Having a significant interest in social networks and social media, I have often thought about their potential for wider adoption. In other words using them for things other than catching up with friends and telling people what you have been doing. Therefore, it is perhaps timely that a number of drivers have recently emerged which have allowed me to encapsulate a compelling idea regarding their use.
The idea is that of a social identity approved and verified by Government. I will explain more about that later. However, before I do I think it would be useful to discuss some of the drivers for the idea. Recently the UK government has announced significant cuts in spending across all areas including IT programmes. It has also acknowledged and announced that there are some 10 million people within the UK who do not have access to or use the internet. As a result Martha Lane-Fox is now spearheading a new campaign to get those 10 million people online by the end of 2012 (race to get online). As it happens I found out today that Capgemini are supporting this campaign too.
The previous government had planned to provide every UK citizen with a personal web page and a unique identifier to enable the public to business with the government in a secure way. One would assume this would encourage members of the public to engage with the government in a standardised, low cost, self service manner just like many have been doing for years now with utilities, banks, and retailers.
However, the afore mentioned cuts in government spending would perhaps make it unlikely that any such project would go ahead. It is also worth considering that £94.5m per year is spent on government websites and this figure doe not include staffing costs either. The long-term plan to reduce costs in this area is to migrate websites onto “common infrastructures” such as DirectGov and Business Link.
Another example of "common infrastructures" are social networks such as Facebook, Twitter, LinkedIn and YouTube. These networks can no longer be considered niche as those who are online use them frequently. Indeed Hitwise reported in March 2010 that more US internet users went to Facebook rather than Google for the first time. Therefore, perhaps the government should consider driving cost reduction and innovation through the endorsement and use of such platforms within its overall IT and communications strategy. The US government already started something similar with Facebook over a year ago now.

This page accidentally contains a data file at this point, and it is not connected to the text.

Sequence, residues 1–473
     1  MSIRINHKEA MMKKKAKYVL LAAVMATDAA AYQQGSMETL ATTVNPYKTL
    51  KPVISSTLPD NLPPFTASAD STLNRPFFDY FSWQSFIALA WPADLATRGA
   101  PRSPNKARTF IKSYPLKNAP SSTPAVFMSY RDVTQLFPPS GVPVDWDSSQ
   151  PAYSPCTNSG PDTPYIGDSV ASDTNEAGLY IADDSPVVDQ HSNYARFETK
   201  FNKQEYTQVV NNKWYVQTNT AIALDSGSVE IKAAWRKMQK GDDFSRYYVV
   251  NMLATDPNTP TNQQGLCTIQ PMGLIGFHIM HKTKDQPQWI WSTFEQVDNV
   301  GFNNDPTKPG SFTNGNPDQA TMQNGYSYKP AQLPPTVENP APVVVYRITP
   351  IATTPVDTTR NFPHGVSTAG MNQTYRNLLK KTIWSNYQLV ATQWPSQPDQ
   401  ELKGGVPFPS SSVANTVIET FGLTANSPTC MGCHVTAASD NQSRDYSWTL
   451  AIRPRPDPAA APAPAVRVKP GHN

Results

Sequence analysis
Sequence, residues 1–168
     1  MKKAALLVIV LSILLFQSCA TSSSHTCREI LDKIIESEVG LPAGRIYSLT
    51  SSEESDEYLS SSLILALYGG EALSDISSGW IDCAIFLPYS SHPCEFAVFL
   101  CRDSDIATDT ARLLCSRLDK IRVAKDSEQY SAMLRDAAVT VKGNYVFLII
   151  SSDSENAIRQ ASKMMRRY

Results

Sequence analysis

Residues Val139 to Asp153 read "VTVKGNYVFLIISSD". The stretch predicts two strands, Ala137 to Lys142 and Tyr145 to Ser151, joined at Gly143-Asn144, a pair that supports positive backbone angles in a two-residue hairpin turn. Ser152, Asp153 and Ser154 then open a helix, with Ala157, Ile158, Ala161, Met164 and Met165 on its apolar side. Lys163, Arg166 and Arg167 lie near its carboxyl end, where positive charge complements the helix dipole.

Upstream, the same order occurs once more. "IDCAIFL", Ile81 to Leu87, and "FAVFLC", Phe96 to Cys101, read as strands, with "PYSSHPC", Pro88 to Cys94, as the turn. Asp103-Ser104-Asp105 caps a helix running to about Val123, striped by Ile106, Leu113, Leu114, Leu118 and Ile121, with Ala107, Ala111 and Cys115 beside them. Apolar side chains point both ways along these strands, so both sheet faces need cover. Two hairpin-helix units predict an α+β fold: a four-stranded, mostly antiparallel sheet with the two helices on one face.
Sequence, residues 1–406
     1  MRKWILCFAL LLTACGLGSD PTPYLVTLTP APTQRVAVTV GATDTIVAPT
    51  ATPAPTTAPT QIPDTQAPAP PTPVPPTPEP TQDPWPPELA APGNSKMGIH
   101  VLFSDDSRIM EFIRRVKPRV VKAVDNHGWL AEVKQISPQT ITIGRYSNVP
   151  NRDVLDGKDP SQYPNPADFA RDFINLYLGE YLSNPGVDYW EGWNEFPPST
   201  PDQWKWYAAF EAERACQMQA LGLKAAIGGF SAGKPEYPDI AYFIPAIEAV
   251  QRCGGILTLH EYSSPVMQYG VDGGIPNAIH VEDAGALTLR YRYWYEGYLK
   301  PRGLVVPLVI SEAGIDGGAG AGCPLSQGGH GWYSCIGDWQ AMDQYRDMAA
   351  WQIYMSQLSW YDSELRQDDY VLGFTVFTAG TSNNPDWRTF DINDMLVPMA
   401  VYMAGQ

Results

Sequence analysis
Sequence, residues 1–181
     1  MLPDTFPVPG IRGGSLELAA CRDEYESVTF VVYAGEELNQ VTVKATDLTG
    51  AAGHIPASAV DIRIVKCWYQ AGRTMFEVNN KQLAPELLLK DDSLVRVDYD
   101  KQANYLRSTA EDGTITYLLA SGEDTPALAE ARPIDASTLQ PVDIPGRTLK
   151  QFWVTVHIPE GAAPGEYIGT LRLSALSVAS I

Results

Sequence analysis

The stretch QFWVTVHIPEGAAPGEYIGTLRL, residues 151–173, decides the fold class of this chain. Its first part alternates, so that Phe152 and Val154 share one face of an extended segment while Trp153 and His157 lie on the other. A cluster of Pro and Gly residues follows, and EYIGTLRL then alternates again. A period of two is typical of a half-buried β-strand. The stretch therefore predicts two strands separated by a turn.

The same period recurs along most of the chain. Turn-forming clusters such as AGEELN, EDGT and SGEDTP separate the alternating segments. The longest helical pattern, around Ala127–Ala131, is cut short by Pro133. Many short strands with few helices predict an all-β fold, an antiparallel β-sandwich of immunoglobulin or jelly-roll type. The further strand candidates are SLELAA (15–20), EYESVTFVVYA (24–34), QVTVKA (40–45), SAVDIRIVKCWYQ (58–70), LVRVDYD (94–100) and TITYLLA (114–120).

In doing so the government could maybe improve some of the negative connotations associated with social networks; and at the same time address security concerns regarding their use. After all many of the “security hacks” reported in the media have occurred as a result of misuse through providing too much personal information, inappropriate privacy settings, and weak passwords for example.
With regard to privacy I am sure there are many who would prefer not to have an online presence. Like it or not improvements in search engines over the past 5 years has resulted in few individuals who remain ‘ungoogleable’. Even if you personally have not uploaded any information about yourself to the internet it does not prevent someone else having done so on your behalf. In addition people have numerous opportunities to provide user generated content about using feature rich websites which could refer to you or one of your online digital identities. It is clear that the privacy issue needs to be dealt with but that is not the debate and this idea could indeed assist in resolving some of the privacy issues.